I always felt uncomfortable. It took me a long time to find the word that covers how I felt as a child and teen. My mother said a while ago: She wasn’t comfortable. I thought: Yes! This is.
I was a boyish girl. I cut my hair once in elementary school. He was asked are you a boy or a girl. It felt good, but I also found it confrontational.
There was always drama about my clothes. My mom bought me dresses and skirts. I thought: I’m tough, I don’t want these things. I preferred to wear shorts and shirts. I was very jealous of my brother. He was what I wanted to be and he had boxer shorts that wide. When I was 10, my cousin gave me a yellow checkered T-shirt. I wore it torn.
I remember crying when I realized I wasn’t going to be a boy. I was in 8th grade, I thought I should stay like this until I died.
I got out when I was 16 years old. I loved girls. My parents didn’t mind that I was a lesbian. That was a relief, though I had no reason to believe they would be angry. My mother even said, “We really doubt it.” I thought: “Nice then, he said.” My girlfriend was just allowed back to us.
However, my troubled feeling did not go away after that. I knew about gay couples where one was stricter, and more masculine than the other. I thought: This is me. W: There is nothing better than this.
I was 21 when I accidentally watched an American documentary on TV about a transgender man. I open my mouth. I didn’t know it existed. I thought: this is it. I searched on google like crazy. I found out that there is a sex clinic, which is part of the VUMC in Amsterdam. I took twenty twenty deep breaths and called. Two weeks later, I was able to go to the outpatient clinic to eat.
This route is cautioned. Logically. I had to talk to a psychiatrist six times. Essential Question: Do you really want this? Yes Yes. yes! I wanted this. Then she was put on a waiting list for hormone therapy. Ten months later it was my turn. finally. I remember well, the psychiatrist called and said, “You can start.”
Then I had to tell her at home, and to the rest of the family. I suddenly couldn’t reach my grandmother with a mustache. I told my mother while walking the dogs. She wasn’t really jumping. Slim’s body was cut against her. What if we regret? How do people who know you as a girl react? I understand her doubt. At the same time, you were hoping for support.
My parents also went to the gender clinic. The three of us met the psychiatrist. It scared me to say I wasn’t happy with my body. And if I stay that way, I don’t want to get old. I was afraid they would think it was their fault. In the end it turned out to be a good conversation.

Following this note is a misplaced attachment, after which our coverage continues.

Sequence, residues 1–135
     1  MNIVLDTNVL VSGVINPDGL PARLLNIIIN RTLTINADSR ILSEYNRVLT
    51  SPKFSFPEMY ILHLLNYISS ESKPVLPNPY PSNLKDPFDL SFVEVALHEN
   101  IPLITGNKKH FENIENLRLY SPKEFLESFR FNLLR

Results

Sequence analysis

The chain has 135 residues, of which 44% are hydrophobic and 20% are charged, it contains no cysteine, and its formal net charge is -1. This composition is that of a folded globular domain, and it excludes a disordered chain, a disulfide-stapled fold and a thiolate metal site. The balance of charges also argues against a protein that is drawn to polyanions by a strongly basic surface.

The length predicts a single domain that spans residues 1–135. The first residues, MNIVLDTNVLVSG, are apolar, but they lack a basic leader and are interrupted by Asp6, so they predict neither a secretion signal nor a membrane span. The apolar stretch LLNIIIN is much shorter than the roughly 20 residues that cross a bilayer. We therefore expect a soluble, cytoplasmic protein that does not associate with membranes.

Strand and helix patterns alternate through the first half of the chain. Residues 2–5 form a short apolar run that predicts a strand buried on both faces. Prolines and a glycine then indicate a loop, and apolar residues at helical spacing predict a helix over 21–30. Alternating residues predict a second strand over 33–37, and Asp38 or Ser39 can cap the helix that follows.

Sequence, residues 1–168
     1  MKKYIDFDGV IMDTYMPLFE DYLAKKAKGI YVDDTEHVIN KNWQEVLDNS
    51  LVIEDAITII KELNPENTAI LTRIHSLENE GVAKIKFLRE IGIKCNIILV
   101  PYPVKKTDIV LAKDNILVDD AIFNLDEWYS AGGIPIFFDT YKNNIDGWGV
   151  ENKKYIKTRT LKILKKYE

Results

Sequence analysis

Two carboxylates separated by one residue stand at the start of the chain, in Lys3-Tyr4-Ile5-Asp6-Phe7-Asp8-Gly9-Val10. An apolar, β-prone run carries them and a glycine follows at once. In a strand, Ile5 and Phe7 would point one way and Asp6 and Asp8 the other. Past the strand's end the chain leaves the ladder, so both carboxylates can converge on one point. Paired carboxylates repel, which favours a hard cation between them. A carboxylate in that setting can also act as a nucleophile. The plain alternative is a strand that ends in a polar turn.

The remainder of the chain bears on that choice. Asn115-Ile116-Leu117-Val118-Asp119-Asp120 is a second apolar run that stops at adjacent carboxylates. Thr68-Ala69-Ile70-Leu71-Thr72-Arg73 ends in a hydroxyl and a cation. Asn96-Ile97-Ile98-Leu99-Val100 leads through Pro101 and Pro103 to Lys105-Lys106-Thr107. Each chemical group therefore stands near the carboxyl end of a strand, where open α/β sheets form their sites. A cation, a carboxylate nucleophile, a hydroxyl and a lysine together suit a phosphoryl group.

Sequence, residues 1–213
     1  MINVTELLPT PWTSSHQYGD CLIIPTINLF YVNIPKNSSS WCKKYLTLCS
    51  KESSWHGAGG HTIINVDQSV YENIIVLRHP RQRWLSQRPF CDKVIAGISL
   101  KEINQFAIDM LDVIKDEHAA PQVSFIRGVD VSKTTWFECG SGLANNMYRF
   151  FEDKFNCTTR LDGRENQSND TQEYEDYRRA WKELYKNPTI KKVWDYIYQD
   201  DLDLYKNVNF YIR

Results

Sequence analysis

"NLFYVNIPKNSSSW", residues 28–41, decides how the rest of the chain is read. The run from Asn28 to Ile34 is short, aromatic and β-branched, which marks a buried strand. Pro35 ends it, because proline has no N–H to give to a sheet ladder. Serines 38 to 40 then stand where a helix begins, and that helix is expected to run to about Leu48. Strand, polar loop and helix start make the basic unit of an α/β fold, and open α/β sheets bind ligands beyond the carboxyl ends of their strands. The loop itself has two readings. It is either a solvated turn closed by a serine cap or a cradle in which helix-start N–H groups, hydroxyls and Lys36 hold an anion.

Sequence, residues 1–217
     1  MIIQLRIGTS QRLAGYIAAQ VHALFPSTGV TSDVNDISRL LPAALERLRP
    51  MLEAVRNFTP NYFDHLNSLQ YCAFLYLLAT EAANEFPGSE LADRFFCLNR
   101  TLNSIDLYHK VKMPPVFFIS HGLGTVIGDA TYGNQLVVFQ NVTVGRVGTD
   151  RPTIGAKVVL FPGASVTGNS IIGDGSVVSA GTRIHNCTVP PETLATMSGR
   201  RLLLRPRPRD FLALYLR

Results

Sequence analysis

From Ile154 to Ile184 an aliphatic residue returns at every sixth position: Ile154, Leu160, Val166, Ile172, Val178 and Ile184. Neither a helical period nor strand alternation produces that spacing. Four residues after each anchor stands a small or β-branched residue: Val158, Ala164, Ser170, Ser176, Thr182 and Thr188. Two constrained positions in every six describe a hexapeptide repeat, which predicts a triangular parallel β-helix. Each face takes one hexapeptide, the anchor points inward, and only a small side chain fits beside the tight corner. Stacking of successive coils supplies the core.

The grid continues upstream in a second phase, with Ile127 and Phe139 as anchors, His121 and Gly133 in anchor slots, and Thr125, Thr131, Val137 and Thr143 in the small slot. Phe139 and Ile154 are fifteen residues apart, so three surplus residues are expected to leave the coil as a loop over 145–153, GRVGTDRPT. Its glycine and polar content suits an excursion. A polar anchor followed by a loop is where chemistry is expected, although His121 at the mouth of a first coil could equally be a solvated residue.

I was very jealous of my brother. It was what I wanted to be
I grew up in Spijkenisse. There she played hockey for years in the girls’ team. Hockey was my passion, although at some point I no longer wanted to wear a skirt. Before I went into transition, I moved to Delft. I went to study at HALO [lerarenopleiding voor lichamelijke opvoeding in Den Haag, red.]† I wanted to come back as Renault. Later I heard from people that it was as if I had suddenly disappeared off the face of the earth.
I got a lot of support from the support group with people like me. Of course, I was in transition and that made it even better. But there was also pain and sadness. You’d better be born as a boy right away. Or as a girl and you think that’s fine. The people in the support group understood me like no other.
Before my first injection I was nervous for a week. I was afraid to sleep through the alarm clock. I finally got that shot. And then nothing happened. I was very tired. But in the months that followed, my body changed. I felt better and better. Hormone therapy spread quickly and well above average. Who got that full beard, other trans men have asked me. From my father, I think.
I was very much looking forward to the surgery to remove my breasts. I always hated them. I told my mom, “I’m going to cut them.” It took two processes to get it right. I got a tattoo on the scars. It looks very good. Uterus and ovaries are also gone. Not because I wanted to, but because I had a uterine rupture. Since then I feel better.
I was insecure, especially in the early years after moving. When the guys on my men’s hockey team yelled, “What a flop!” I was shocked. Did they see anything? You grew up as a girl, and that also has an effect on your condition. As a gym teacher, I can sometimes be kinder to kids than other guys.
At first, my family and friends had to get used to calling me Renault. Now no one is wrong. More and more people only know me as a man.
It feels good to me. natural. Now I am what I should be. I look in the mirror and think: that’s what I meant, even better.